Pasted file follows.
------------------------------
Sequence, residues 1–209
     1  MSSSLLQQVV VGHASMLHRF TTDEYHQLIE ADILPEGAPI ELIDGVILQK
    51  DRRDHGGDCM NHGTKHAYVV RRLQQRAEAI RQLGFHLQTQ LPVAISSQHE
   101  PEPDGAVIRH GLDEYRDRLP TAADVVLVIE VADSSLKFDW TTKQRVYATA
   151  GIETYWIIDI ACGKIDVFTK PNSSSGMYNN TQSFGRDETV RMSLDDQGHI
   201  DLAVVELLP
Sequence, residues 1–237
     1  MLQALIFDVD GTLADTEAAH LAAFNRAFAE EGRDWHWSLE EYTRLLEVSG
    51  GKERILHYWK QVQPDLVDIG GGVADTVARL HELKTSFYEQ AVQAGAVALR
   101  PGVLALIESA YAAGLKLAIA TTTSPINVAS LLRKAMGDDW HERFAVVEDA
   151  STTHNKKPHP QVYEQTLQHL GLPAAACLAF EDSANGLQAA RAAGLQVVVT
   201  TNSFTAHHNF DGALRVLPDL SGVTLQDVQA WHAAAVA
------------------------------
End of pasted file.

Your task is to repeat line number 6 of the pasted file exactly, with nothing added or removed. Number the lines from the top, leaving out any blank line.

   201  DLAVVELLP